Christian Biblical Counsel: OVEREATING

Overeating

Freedom from Food Fixation

by June Hunt

Television commercials can be quite entertaining—and at the same time reflect a truth that we wish were not true. One long-running commercial series featured a brand of potato chips with the tag line, “Bet you can’t eat just one.” These commercials showed people in different situations tasting one chip, then somehow being prevented from having another. Oh, the agony! They would fidget, sweat, leap tall obstacles and tackle grocers just to get to the chips. And oh, the ecstasy when they invariably managed to finish off the whole bag!

The commercials reflect one aspect of real life, touching a characteristic we all share: When we find something we especially like, we want more! But when this normal desire becomes a compulsive drive—when the drive to eat becomes your slave master, it’s not funny any longer.

“A man is a slave to whatever has mastered him.”

(2 Peter 2:19)

I.     DEFINITIONS

The potato chip commercials were memorable for the clever ways they showed people losing all sense of proportion and self-control—they always ate the whole bag! For those caught in the grip of compulsive eating, the issue is not quality but quantity. If one scoop of ice cream is good, two are better … if two are better, then three are best! The same applies to drumsticks and doughnuts, biscuits and bonbons.

“It is not good to eat too much honey.”

(Proverbs 25:27)

A. What Is Compulsive Eating?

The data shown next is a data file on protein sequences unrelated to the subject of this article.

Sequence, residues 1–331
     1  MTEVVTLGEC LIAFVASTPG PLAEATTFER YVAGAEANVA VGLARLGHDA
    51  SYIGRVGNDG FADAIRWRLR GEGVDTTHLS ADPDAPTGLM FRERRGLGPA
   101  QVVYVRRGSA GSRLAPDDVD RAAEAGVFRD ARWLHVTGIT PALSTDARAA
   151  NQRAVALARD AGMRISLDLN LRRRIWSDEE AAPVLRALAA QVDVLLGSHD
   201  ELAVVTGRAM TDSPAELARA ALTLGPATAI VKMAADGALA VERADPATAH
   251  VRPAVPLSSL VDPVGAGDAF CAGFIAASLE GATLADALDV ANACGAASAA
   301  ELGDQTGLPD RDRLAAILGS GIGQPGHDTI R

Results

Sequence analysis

•     Compulsive eating is a seemingly irresistible impulse to eat.

•     Compulsive eating is uncontrolled eating that is based on satisfying emotional hunger rather than physical hunger.

•     This repeated act is an addiction that can result in physical disorders.

“Like a city whose walls are broken down is a man who lacks self-control.”

(Proverbs 25:28)

B. What Is Gluttony?

•     Gluttony is excessive eating and drinking.

•     Gluttony typically results in obesity, a condition characterized by excessive body fat that is 20 % or more above recommended weight.

•     In Scripture, the term gluttony refers to a loss of control and a yielding to fleshly desires instead of yielding to God.

“Do not join those who drink too much wine or gorge themselves on meat, for drunkards and gluttons become poor, and drowsiness clothes them in rags.”

(Proverbs 23:20–21)

C. What Is a Binge?

•     Bingeing is a period of unrestrained indulgence.

—binge eating

—binge drinking

—binge shopping

•     Repeated bingeing can become an addictive behavioral pattern.

•     The Bible gives a warning for overindulgence.

“If you find honey, eat just enough—too much of it, and you will vomit.”

(Proverbs 25:16)

Q “Is compulsive eating a sin?”

Yes, compulsive eating indicates a lack of submission to God.

“Their destiny is destruction, their god is their stomach, and their glory is in their shame. Their mind is on earthly things.” (Philippians 3:19)

Q “Is there a difference between compulsive eating and other addictions such as smoking or drinking?”

No, the Bible places them in the same category.

“Do not join those who drink too much wine or gorge themselves on meat, for drunkards and gluttons become poor, and drowsiness clothes them in rags.” (Proverbs 23:20–21)

 

II.    CHARACTERISTICS OF A COMPULSIVE EATER